Ally's generative AI strategy eyes multiple LLMs, AI agents

The digital bank plans to privately host multiple LLMs on its GenAI platform, explore autonomous agent technology and evaluate employee ideas for use cases.

Ally Financial is broadening its generative AI strategy as it prepares to adopt Amazon Bedrock, explore autonomous agents and cultivate employee-generated use cases.

The Detroit-based bank holding company, with $196 billion in assets as of December 2023, describes itself as all digital. The company's Ally Bank subsidiary, for example, is a direct bank, meaning that it doesn't operate branch offices like a traditional retail operation. Instead, Ally Financial relies on technologies such as cloud computing to deliver customer services and run its business.

Generative AI (GenAI) is now part of the technology mix. The bank launched its first use case in early 2023, deploying a tool that summarizes conversations between its customer support agents and bank clients. That rollout, piloted over several months, paved the way for Ally Financial to scale its GenAI initiative. In July, the financial services firm rolled out, a cloud-based platform it's now building upon.

Managing multiple LLMs

The platform provides a vendor-agnostic environment that will, over time, provide access to multiple large language models (LLMs), said Sathish Muthukrishnan, chief information, data and digital officer at Ally Financial. The platform's initial LLM tool is Microsoft's Azure OpenAI Service, which provides access to models such as GPT-3.5 Turbo and GPT-4.

But the company is now vetting Amazon Bedrock, a machine learning platform for building GenAI applications. The governance and approval process for assuring Bedrock is secure enough to put into production will take about three to four months, Muthukrishnan said.

The multimodel approach will let users query the model of their choosing, float an inquiry across several models and obtain a consolidated and summarized result, or receive answers from each model and determine the best response, Muthukrishnan explained.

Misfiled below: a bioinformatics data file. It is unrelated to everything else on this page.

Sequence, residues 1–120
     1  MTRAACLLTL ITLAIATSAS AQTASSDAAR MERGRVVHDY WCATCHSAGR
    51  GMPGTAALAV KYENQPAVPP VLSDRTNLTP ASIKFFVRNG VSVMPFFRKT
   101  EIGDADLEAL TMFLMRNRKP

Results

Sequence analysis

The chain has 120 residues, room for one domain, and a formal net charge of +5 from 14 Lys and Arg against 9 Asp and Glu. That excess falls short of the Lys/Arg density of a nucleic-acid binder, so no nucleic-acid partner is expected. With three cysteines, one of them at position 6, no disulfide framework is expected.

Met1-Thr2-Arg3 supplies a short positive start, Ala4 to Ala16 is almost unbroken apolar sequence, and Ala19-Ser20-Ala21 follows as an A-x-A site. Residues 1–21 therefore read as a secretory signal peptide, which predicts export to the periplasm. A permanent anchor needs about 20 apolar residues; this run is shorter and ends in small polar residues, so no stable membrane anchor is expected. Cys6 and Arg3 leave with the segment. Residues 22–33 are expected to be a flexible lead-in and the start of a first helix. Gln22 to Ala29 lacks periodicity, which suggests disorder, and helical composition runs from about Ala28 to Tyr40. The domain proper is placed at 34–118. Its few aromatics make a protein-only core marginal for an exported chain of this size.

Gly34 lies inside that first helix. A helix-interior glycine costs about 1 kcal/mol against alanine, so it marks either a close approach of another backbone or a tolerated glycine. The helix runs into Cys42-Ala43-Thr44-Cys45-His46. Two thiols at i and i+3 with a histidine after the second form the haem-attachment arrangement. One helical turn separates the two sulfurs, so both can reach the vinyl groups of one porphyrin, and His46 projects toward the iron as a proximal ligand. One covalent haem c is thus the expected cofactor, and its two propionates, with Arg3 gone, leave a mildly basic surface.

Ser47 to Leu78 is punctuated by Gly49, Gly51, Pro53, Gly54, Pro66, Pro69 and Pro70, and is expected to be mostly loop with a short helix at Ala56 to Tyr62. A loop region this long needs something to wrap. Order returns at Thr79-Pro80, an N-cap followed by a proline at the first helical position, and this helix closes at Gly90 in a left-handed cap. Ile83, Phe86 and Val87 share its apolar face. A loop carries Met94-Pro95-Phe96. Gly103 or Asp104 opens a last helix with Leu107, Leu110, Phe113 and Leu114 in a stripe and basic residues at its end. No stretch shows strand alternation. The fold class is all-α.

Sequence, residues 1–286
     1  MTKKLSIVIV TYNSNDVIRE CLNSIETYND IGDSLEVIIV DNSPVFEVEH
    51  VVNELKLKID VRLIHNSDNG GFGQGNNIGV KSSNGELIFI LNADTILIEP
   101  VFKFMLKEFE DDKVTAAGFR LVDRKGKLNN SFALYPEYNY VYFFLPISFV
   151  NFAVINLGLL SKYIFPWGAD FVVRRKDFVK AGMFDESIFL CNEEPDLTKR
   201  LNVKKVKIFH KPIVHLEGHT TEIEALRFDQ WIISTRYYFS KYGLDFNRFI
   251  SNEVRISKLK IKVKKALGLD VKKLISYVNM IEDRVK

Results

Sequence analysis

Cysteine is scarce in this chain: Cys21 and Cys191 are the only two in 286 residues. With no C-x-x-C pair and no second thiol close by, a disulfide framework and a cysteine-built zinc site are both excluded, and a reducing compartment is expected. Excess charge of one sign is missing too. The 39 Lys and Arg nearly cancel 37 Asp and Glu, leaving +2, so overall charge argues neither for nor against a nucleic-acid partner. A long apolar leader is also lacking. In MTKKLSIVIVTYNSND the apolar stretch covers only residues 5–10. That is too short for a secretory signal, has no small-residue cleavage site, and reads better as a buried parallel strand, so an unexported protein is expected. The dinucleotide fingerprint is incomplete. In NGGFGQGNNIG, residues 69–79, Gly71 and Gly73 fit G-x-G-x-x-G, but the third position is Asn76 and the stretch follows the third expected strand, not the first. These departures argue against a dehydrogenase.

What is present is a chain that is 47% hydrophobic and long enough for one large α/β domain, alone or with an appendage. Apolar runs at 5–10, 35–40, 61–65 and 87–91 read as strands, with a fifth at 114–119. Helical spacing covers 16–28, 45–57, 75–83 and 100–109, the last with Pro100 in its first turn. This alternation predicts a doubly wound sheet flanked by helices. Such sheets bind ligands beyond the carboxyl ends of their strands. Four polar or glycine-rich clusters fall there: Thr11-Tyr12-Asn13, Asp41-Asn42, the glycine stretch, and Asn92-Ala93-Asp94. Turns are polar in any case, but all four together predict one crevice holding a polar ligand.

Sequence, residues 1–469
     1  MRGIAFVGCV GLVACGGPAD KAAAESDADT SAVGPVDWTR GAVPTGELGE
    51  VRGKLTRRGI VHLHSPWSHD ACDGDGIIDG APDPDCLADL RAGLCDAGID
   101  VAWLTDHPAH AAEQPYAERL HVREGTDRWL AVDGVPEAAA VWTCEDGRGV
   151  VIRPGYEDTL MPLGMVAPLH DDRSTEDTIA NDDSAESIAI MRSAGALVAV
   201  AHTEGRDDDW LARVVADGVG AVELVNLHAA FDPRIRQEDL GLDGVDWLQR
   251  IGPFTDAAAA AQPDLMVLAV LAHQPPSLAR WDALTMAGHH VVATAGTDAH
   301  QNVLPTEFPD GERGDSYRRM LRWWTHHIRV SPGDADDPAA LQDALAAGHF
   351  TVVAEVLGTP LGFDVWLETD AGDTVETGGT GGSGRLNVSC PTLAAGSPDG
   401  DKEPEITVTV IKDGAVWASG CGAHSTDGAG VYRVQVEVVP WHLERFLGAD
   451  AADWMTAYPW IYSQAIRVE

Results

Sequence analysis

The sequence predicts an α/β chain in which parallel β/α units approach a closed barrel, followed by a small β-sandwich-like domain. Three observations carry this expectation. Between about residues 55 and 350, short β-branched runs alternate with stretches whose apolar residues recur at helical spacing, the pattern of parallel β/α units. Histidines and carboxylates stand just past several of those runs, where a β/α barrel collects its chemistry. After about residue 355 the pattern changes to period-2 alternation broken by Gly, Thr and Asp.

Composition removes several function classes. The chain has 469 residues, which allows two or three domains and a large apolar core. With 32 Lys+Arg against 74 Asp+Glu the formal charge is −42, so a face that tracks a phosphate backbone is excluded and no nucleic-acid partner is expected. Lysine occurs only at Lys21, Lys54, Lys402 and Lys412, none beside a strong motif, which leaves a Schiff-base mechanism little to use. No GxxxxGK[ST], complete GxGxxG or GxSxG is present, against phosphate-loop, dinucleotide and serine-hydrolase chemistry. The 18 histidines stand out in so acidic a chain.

Organizations that have worked with GenAI for a while and at scale often create private "modeling gardens," which expose models to internal users through an API, said Arun Chandrasekaran, an analyst with Gartner. This "composable approach" provides the flexibility to work with multiple models, whether they're large or small as well as proprietary or open source, he noted.

"Composability is a theme we are increasingly seeing with early adopters," Chandrasekaran said. "They want to have the ability to swap models in the future and reduce the lock-in to any specific vendor."

John Kain, head of financial services market development at AWS, also pointed to Ally Financial's GenAI platform being designed to accommodate more than one model as indicative of a wider trend.

"There is not one model to rule them all for customers to be successful," he said. "They need to fit the right model to the right application. I think that is where the industry is going, broadly."

Security is another factor with private gardens. provides a buffer between the company's users and third-party models.

"We have the ability to control the input and the output with the LLMs," Muthukrishnan said. privately hosts LLMs and GenAI applications while also handling request processing. Users are authorized and authenticated through an API gateway. The platform ensures personal information isn't leaving Ally Financial's network through a user inquiry and lets the bank assess LLM responses, Muthukrishnan said.

"I can review and inspect the data to make sure it doesn't deviate from the task it was asked to do," he said.

Different types of generative AI applications.
Text summarization and coding assistance are among Ally Financial's generative AI use cases.

Exploring GenAI agents

Autonomous AI agents could emerge as another aspect of Ally Financial's GenAI initiative. Muthukrishnan said the company plans to experiment with Bedrock's ability to create such agents. Autonomous agents are designed to take action rather than provide information as they automate tasks. Industry executives identified autonomous agents as among the top GenAI trends expected to unfold in 2024.

Muthukrishnan described autonomous agents as the "next level" for GenAI as the technology shifts from LLMs to LAMs, or large action models. An LLM collects, synthesizes and summarizes information, he said. But an LAM "acts on the information, so the agents built on the LAMs can start to do tasks like a human," he added.